encapsulate the tablet to accommodate a change to DBS formulation.” D. 429-3 at 10-11.
The Plaintiffs also proffer Jacobs as an expert on the potential challenges that generic
manufacturers would face in trying to create a generic version of Asacol 400mg. Jacobs concluded
that “no major scientific or technological hurdles existed to prevent drug companies from
developing a generic version of Asacol [400mg] that could meet [the] FDA’s bioequivalence
requirements and enter the market after Asacol [400mg]’s patents expired.” D. 429-4 at 5. He
reviewed the conclusions of the Defendants’ expert, Dr. Juergen Siepmann, regarding certain
purported difficulties in developing a generic version of Asacol 400mg, and concluded that none
of those purported difficulties were valid or material. D. 429-4 at 5.
The Defendants next contend that Jacobs’ testimony is speculative because Jacobs does
not identify a particular generic manufacturer with the capability of producing a generic version
of Asacol 400mg. D. 429-1 at 6. Jacobs, however, used sufficiently reliable information about
the technological capabilities of generic manufacturers generally, based upon other products they
produced and the specific characteristics of the Asacol 400mg product, in reaching his conclusion.
The Defendants next contend that Jacobs impermissibly took account of the fact that generic
manufacturers produced generic versions of two other mesalamine products – Asacol HD and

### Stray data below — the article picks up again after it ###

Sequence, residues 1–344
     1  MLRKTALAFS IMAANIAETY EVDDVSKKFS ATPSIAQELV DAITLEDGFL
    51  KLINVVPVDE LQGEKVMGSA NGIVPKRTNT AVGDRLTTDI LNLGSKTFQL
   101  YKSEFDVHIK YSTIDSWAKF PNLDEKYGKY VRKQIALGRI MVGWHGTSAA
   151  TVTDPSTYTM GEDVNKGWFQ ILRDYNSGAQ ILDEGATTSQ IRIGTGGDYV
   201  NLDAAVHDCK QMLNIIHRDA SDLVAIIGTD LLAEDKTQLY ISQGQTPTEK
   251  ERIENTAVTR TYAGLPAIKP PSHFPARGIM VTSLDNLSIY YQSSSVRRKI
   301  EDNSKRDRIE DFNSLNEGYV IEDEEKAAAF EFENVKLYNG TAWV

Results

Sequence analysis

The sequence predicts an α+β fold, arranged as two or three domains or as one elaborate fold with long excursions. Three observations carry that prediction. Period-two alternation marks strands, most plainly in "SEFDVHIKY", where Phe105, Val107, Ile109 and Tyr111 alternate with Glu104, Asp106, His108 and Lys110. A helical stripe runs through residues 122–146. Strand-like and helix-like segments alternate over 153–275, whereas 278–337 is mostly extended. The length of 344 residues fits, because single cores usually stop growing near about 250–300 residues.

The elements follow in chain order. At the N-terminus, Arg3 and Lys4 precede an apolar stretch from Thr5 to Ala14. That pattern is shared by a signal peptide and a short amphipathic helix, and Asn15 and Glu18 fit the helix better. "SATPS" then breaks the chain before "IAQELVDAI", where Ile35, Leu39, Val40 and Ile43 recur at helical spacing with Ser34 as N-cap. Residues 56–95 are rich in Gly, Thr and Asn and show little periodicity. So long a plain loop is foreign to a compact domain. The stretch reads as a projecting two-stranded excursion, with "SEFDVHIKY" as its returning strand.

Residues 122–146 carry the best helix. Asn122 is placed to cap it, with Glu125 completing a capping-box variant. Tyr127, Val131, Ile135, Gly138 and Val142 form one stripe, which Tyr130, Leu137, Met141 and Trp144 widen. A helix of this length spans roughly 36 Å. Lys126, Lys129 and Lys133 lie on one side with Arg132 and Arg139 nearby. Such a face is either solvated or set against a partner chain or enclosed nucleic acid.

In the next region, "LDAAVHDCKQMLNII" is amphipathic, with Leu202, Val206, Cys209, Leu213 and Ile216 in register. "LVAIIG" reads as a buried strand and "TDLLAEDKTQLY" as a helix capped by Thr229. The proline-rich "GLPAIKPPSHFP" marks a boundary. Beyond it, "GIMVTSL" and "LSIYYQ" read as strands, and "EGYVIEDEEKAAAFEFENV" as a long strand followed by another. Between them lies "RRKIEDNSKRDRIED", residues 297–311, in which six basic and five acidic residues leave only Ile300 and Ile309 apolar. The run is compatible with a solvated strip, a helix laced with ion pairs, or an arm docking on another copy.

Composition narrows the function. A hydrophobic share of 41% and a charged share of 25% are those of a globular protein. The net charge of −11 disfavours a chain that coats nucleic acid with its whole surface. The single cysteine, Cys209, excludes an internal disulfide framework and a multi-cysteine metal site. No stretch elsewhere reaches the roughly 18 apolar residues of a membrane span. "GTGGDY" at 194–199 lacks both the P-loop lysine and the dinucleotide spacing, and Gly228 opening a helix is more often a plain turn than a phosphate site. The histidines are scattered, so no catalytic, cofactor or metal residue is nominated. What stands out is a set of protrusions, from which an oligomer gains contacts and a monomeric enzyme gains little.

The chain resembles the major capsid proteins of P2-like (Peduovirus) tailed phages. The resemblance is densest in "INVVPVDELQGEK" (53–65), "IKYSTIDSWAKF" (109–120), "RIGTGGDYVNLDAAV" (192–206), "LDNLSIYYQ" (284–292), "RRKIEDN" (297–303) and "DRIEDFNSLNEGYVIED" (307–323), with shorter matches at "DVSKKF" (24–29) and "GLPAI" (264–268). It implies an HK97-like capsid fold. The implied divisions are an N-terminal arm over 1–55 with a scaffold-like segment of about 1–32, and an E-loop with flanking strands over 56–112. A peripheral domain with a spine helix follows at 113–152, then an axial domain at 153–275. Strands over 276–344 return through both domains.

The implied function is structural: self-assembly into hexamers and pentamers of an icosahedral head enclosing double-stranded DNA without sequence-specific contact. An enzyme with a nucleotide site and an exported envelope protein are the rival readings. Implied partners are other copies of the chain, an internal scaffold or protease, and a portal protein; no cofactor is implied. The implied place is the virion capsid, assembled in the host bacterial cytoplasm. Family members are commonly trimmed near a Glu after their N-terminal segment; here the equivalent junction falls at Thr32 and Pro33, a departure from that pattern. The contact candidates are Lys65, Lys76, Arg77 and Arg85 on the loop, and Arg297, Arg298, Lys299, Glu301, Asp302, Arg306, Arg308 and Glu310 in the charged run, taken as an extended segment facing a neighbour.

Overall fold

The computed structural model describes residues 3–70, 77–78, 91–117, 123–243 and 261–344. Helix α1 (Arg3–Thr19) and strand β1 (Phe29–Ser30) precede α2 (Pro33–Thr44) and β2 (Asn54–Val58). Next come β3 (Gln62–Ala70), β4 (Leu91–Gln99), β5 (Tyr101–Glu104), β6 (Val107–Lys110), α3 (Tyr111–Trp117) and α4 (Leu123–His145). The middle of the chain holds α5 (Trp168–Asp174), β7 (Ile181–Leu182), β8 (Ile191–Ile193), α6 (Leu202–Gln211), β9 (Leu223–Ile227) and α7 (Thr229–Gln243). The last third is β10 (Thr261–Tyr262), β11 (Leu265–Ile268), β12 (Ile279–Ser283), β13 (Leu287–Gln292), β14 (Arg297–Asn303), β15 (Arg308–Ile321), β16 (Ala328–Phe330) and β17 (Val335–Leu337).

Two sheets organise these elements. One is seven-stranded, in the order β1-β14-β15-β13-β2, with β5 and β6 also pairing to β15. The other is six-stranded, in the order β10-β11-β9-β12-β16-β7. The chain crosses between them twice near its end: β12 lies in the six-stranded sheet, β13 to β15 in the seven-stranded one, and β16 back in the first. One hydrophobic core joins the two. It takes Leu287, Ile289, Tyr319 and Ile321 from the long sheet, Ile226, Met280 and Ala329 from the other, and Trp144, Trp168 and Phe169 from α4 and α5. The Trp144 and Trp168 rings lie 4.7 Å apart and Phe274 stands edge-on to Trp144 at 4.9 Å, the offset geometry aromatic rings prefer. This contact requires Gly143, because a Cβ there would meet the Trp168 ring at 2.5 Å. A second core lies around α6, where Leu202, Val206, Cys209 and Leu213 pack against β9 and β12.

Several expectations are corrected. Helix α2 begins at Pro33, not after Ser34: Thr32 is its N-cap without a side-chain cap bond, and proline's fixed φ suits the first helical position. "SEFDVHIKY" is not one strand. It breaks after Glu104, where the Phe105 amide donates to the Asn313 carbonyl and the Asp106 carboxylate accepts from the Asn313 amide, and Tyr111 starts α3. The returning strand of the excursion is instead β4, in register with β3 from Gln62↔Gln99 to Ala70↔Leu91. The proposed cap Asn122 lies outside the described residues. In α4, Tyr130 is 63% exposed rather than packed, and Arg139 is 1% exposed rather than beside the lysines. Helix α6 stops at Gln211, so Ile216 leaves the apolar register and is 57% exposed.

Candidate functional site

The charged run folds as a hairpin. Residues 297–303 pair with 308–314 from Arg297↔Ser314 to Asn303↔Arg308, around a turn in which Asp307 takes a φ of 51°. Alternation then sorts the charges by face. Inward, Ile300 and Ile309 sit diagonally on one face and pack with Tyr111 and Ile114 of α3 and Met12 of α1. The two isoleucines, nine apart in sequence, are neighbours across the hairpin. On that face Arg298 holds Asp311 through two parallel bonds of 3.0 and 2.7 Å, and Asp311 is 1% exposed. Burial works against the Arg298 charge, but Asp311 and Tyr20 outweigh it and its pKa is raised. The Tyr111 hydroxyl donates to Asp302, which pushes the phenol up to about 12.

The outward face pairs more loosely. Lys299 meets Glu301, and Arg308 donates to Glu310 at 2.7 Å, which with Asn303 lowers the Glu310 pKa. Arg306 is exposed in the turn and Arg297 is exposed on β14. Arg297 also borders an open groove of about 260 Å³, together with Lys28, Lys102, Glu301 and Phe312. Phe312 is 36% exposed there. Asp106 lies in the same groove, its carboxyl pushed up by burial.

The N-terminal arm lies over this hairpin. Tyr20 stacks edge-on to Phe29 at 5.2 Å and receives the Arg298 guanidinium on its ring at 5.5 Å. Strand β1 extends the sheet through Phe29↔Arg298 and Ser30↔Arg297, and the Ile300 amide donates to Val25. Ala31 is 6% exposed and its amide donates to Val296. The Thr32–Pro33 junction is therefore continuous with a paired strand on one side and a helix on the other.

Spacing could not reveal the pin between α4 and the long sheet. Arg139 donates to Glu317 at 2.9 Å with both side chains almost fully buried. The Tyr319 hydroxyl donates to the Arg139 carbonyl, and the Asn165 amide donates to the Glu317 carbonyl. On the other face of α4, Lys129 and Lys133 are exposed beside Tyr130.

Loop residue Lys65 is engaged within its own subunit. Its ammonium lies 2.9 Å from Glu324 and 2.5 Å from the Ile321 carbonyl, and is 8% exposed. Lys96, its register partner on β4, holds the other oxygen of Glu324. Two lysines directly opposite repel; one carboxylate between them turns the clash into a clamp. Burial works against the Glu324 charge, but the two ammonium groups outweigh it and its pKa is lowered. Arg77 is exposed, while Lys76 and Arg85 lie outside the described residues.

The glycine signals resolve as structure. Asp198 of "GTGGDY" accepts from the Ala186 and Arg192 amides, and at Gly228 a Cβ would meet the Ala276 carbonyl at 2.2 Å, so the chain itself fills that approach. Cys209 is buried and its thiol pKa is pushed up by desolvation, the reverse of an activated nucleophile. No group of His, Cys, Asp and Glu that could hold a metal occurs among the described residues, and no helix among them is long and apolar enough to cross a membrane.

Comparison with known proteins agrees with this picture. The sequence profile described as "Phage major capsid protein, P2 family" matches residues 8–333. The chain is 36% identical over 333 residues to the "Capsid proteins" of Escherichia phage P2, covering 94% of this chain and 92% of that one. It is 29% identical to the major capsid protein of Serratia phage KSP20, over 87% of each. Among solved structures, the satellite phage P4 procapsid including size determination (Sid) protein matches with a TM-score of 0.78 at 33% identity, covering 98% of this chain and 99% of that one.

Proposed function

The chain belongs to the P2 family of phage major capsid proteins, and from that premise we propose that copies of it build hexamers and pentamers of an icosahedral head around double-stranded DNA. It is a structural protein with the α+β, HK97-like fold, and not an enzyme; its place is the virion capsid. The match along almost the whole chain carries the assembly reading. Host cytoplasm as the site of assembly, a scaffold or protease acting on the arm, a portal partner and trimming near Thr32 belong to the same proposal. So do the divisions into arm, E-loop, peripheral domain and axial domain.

Lialda – in reaching his conclusions, despite the fact that Asacol HD and Lialda are different
products from Asacol 400mg. D. 429-1 at 7. But Jacobs relied on those products because they
were similar to Asacol 400mg in ways that made it reasonable to draw an inference about the ease
of creating a generic version of Asacol 400mg from information about Asacol HD and Lialda. D.
429-5 at 28.
The Defendants also argue that Jacobs’ conclusions regarding the feasibility of formulating
a version of Asacol 400mg without DBP and without a capsule are inadmissible. The Defendants
first contend that Jacobs, in concluding that the FDA would have approved P&G’s Asacol 400mg
tablets made with DBS and without a capsule, relied only on P&Gs in vitro dissolution studies,
whereas the FDA would have required more thorough testing. D. 429-1 at 11. But this contention
is not at odds with Dr. Jacob’s testimony. Rather, Jacobs opined that, based on his expertise, the
academic literature and the experiments that were completed by P&G, “human trials had a very
high likelihood of success.” D. 429-3 at 20.
The Defendants additionally contend that Jacobs inappropriately discounted a December